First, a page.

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FLICKINGER v. HAROLD C. BROWN & CO.

United States District Court, Western District of New York


March 28, 1991

WILLIAM S. FLICKINGER, PLAINTIFF,
v.
HAROLD C. BROWN & CO., INC. AND BRADFORD BROKER SETTLEMENT, INC. N/K/A FIDATA CORPORATION, DEFENDANTS.

The opinion of the court was delivered by: Skretny, District Judge.

  DECISION AND ORDER

Introduction

Plaintiff William S. Flickinger commenced this action against defendants Harold C. Brown & Co. ("Brown") and Bradford Broker Settlement, Inc., n/k/a Fidata Brokerage, Inc. ("FBI"), alleging against each defendant (1) violation of § 10(b) of the Securities and Exchange Act of 1934, 15 U.S.C. § 78j, and SEC Rule 10b-5 promulgated thereunder, 17 C.F.R. 240.10b-5 (First and Fifth Causes of Action), (2) fraud in violation of state law (Second and Sixth Causes of Action), (3) breach of contract (Fifth and Seventh Causes of Action), and (4) breach of fiduciary duty (Fourth and Eighth Causes of Action).

Jurisdiction is predicated on 15 U.S.C. § 78aa and this Court's pendent jurisdiction.

A non-jury trial was held before me on January 3 and January 4, 1991. This matter is now before me for a final decision on the merits.

Conclusion

For the reasons set forth below, judgment is rendered in favor of defendants on all plaintiff's claims.

FINDINGS OF FACT

1) Defendant Brown is a registered securities broker and dealer engaged in the business of providing investment securities advice and services. This includes making arrangements for the purchase and sale of securities to clients. It maintains an office for the transaction of business in Buffalo, New York.

2) Plaintiff William S. Flickinger is an individual who has been a client of Brown for over 20 years.

3) No written agreement exists between plaintiff and Brown or FBI.

4) On or about December 1, 1982, Brown and defendant FBI entered into a "Fully Disclosed Clearing Agreement" ("Agreement") (Exhibit 17), pursuant to which FBI was to execute and clear securities transactions for Brown's clients.

5) In addition to clearing securities transactions, FBI in some cases would keep custody of funds and securities for Brown's clients. In this case, however, Brown had instructed FBI that plaintiff's account was "register and ship." Such designation required FBI to register the securities purchased on behalf of the client in the client's name and to ship the securities to the client at the client's designated address.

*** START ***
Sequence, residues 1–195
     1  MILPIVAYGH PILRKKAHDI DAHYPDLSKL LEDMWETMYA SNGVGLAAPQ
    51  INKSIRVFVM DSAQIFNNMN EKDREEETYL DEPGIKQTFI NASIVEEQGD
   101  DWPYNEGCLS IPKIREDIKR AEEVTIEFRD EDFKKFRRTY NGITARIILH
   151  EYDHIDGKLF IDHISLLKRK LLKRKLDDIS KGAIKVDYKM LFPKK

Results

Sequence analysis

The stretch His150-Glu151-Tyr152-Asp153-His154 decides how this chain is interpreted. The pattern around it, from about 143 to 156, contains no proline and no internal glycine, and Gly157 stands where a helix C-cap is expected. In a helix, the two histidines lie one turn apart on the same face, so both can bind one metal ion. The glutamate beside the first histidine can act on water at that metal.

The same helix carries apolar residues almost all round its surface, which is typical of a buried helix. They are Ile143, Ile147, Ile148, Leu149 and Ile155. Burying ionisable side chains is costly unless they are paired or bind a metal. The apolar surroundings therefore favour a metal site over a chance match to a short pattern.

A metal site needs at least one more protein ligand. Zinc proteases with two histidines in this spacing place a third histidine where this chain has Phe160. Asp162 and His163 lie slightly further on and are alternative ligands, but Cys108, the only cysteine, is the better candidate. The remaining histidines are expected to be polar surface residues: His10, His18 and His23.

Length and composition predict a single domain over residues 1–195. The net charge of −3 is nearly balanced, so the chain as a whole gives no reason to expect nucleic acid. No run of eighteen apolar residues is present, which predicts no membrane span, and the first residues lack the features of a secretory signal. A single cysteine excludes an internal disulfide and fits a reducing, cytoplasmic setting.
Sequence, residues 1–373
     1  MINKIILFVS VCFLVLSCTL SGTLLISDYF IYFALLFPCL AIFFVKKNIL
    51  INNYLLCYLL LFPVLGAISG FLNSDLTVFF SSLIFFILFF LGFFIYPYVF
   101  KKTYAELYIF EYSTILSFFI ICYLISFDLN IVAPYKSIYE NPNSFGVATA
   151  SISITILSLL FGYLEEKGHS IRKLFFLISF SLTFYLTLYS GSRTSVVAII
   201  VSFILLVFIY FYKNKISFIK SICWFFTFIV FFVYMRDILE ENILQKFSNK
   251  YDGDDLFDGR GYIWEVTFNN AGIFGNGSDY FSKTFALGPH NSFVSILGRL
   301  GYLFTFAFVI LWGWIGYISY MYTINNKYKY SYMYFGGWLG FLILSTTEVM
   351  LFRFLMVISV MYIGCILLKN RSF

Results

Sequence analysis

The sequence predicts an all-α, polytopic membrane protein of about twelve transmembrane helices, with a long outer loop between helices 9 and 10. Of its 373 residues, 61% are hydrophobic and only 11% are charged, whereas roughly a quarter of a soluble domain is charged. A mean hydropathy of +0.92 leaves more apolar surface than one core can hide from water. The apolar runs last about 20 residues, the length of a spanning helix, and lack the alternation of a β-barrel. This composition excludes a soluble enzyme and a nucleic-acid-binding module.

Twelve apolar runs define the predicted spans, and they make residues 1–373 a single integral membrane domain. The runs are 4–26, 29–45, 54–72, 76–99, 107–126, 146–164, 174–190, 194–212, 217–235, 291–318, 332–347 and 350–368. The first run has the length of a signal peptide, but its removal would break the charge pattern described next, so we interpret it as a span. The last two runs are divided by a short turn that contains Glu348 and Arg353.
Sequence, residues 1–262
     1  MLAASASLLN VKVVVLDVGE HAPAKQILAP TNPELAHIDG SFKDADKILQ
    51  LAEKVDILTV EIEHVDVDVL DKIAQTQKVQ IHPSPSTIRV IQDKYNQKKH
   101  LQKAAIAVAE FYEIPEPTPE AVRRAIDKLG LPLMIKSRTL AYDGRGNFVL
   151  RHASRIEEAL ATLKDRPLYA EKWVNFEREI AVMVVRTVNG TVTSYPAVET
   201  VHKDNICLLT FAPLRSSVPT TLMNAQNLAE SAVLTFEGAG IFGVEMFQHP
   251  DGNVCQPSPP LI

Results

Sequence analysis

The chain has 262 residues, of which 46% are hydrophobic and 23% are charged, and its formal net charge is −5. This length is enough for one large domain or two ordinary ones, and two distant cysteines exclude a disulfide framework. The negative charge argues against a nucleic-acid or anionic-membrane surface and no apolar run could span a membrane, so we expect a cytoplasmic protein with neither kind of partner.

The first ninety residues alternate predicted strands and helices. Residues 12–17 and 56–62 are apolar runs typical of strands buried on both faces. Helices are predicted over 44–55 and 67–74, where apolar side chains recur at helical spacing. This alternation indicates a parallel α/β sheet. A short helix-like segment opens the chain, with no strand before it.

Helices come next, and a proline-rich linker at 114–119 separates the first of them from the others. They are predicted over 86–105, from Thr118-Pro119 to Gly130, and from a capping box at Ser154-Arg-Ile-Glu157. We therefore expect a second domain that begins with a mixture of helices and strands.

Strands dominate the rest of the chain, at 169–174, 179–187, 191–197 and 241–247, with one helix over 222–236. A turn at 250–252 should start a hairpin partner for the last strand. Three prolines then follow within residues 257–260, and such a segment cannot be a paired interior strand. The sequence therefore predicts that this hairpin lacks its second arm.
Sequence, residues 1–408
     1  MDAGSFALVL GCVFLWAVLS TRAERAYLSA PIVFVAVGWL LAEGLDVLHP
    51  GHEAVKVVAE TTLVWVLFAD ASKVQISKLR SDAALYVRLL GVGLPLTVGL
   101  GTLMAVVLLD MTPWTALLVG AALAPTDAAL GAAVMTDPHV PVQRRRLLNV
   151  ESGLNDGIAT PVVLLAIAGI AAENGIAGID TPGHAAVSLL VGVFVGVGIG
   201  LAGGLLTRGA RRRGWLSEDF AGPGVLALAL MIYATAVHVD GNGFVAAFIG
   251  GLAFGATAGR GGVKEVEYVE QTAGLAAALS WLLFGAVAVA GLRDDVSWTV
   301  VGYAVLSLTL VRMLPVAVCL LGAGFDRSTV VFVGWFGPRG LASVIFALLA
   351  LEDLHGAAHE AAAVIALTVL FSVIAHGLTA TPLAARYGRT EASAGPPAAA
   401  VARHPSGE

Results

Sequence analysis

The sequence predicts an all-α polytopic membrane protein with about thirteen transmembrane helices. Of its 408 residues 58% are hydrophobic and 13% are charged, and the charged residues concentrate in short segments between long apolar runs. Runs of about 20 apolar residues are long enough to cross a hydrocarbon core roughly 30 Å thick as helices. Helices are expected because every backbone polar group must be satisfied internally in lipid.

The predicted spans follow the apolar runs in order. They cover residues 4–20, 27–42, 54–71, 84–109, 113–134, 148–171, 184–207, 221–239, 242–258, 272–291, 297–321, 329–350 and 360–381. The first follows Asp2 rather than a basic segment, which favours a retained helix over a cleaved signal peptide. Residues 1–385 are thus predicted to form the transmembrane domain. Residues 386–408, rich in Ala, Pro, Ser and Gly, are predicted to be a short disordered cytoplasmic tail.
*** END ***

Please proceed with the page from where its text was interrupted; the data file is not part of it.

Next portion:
6) FBI also sent periodic statements (hereinafter, "activity statements") to Brown's clients at their designated addresses, which statements reflected, for a specified period of time, any activity that had taken place in the client's account for which FBI had performed clearing services. Copies of the activity statements sent by FBI to Brown's clients also were sent by FBI to Brown. Copies of activity statements for plaintiff's account with FBI for the periods of April 30, 1983 through May 27, 1983 (Exhibit 3), May 28, 1983 through June 24, 1983 (Exhibit 4), June 25, 1983 through August 26, 1983 (Exhibit 5), and August 27, 1983 through September 30, 1983 (Exhibit 6) were admitted into evidence at the trial.

7) Plaintiff at no time had any direct dealings with FBI, and was not aware that the Agreement between Brown and FBI existed.

8) In 1974, plaintiff executed an authorization (Exhibit 19) empowering Brown to carry out any instructions received from his brother, Thomas Flickinger ("Thomas"), regarding the buying, selling or delivering of any securities for plaintiff's account. This authorization was in effect throughout 1983, and during that time, Thomas managed plaintiff's securities portfolio, had complete control over plaintiff's account and acted as his agent in most of plaintiff's dealings with Brown. Plaintiff kept no records of his investments, other than recording the dividends he received for tax purposes.

9) On or about June 1, 1983, plaintiff or Thomas instructed Brown to purchase 1500 shares of common stock of Lubrizol Corporation, a registered security, for plaintiff's account.